|Posted by Mark Cantrell on September 18, 2017 at 3:40 PM|
BT phones home
When Mark Cantrell learned that BT is planning to scrap half of its national network of public telephone boxes, it brought back memories of the time he found himself stuck in one…
SO there I was, trapped in a glass box.
Some joker had kicked the door to the phone booth; jamming the thing in its frame in such a way that this poor sap was never going to get it open. I’d only just picked up the handset to discover the phone was out of order. When, bam!
Yeah, I jumped. But losing a cool composure turned out to be the least of my worries.
No phone; no way out. My little pile of coins stacked on the callbox mocked me in their redundancy. The sun was blazing through the glass, and there was nobody around. The guy with the hefty boot was nowhere in sight. I was on my own.
This was late summer in 1994 – back in the days when the season tended to live up to its name. The street was somewhere in London, I forget exactly where, but I was flat hunting ahead of starting a postgraduate training course.
A few weeks later, I was due to start a journalism course at The City University, so I was pounding the pavements, copy of Loot in hand, and keeping the payphones fed with coin. Obviously, I was going to need somewhere to stay – just preferably not in a phone box.
My rueful thought, as I came to terms with my situation: this wouldn’t have happened in a traditional red phone box. Those things were sturdily built; not like this (then) modern glass and steel contraption, barely able to muffle the sounds of bustling life beyond the glass. That’s why I’d picked one that was off the main thoroughfares; so I’d be able to hear myself speak, as much listen to what my prospective landlord had to say.
Up until then, I’d never imagined it was possible to find yourself jammed in a phone box. Sure, we can blame the kick-artist, but it was the design that really did me in. The door had a couple of tough rubber ‘feet’ that cushioned it against the jamb and established a seal. The force of the kick had pushed these feet clean through to the other side, effectively wedging the door closed.
Try as I might, I couldn’t shift the door. Back against the wall, feet pressed against the door, pushing with all my might – those rubber feet weren’t shifting. There was no room to brace myself and gain full leverage to force it open again. This was going to be a long call…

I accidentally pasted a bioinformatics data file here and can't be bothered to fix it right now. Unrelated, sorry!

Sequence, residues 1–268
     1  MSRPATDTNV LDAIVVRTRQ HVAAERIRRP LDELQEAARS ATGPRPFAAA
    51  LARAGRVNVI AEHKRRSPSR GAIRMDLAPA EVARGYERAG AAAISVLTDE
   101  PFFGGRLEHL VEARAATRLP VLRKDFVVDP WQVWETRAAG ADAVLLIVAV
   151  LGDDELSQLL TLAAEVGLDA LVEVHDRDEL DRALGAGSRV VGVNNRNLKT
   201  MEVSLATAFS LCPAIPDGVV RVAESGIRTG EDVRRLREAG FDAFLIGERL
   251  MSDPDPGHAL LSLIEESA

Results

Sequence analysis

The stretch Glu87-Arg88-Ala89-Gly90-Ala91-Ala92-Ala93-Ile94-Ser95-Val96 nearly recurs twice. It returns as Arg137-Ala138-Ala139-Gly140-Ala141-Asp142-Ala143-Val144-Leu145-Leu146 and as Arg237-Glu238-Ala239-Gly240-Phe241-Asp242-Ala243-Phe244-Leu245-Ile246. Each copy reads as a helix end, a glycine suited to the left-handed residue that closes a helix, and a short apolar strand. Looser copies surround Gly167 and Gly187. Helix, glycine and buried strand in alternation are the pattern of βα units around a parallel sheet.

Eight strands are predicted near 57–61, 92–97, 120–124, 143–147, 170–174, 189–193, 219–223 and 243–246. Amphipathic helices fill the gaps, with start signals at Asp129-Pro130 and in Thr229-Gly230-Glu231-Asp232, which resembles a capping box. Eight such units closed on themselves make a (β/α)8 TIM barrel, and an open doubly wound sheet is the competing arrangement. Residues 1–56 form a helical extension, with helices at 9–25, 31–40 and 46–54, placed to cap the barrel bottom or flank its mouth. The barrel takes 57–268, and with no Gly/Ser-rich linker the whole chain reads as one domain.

Well, that’s pretty much my abiding memory of the era of public phone boxes. Sure, there were plenty of occasions, pre-mobile, when I made use of them, but the mundane fades and this remains my stand-out reminiscence.
It was an article on the Guardian website (15 August 2017) that brought this little anecdote back from the fringes of amnesia. Public phone boxes, it seems, are destined to join troughs for watering horses as rare curiosities left over from a bygone area; the advent of smartphone technology has made them increasingly – if not yet completely – obsolete.
The Guardian reported that BT is planning to scrap 20,000 public phone boxes – half its remaining portfolio – across the country as usage declines.
Apparently, the number of calls has been dropping 20% a year. Some 33,000 calls a day are still made from public phone boxes, but a third of BT's booths are used only once a month, and many are never used at all.
Even so, they need to be kept clean and maintained; an ongoing cost with diminishing returns. So I guess you can understand why the company might want to start scrapping a few.
A spokesperson for the company told the Guardian: “BT is committed to providing a public payphone service, but with usage declining by over 90% in the last decade, we continue to review and remove payphones which are no longer used.”
Ironically, it’s those traditional red phone boxes that are most likely to survive the cull; 2,400 are actually Grade II listed buildings. In the end perhaps that’s rather fitting that the relics of the bygone age of phone booths should themselves be remnants of an earlier age of public telephony. At least, you might say, history will linger on in style.
Therein lies another irony. An 1816 tomb built in St Pancras’ Old Churchyard provided the inspiration for Giles Gilbert Scott’s original ‘K2’ phone box design in the 1920s. This provided the essential features of the more familiar cast-iron K6 design, which was introduced in 1935.
Somehow it seems rather fitting that a design based on a tomb should become what amounts to a mausoleum to its modern descendents. But that’s enough of that: back to my unfortunate situation. The sun glaring through the glass is getting rather warm.
I’m happy to say that in the end I didn’t spend too long trapped in that phone box. After a few minutes somebody came walking past and noticed my predicament. This anonymous stranger took it all in his stride. He just reached into his pocket, pulled out a coin and hurled it at the glass edgewise until the pane frosted.
Okay. I admit, I felt a tad guilty at the vandalism, but I maintain to this day that it was in a good cause. I pushed a boot through the glass and cleared my escape route. By the time I’d clambered through and stood back up I was alone on the street. My benefactor had gone.
Now, I can guess what you’re thinking; no, I wouldn’t be surprised if my rescuer was the guy who locked me in that box in the first place. But, hey, after all these years, let bygones be bygones and give the guy the benefit of the doubt.
After all, I was just glad to be out of that glass box...
Image courtesy of Wikipedia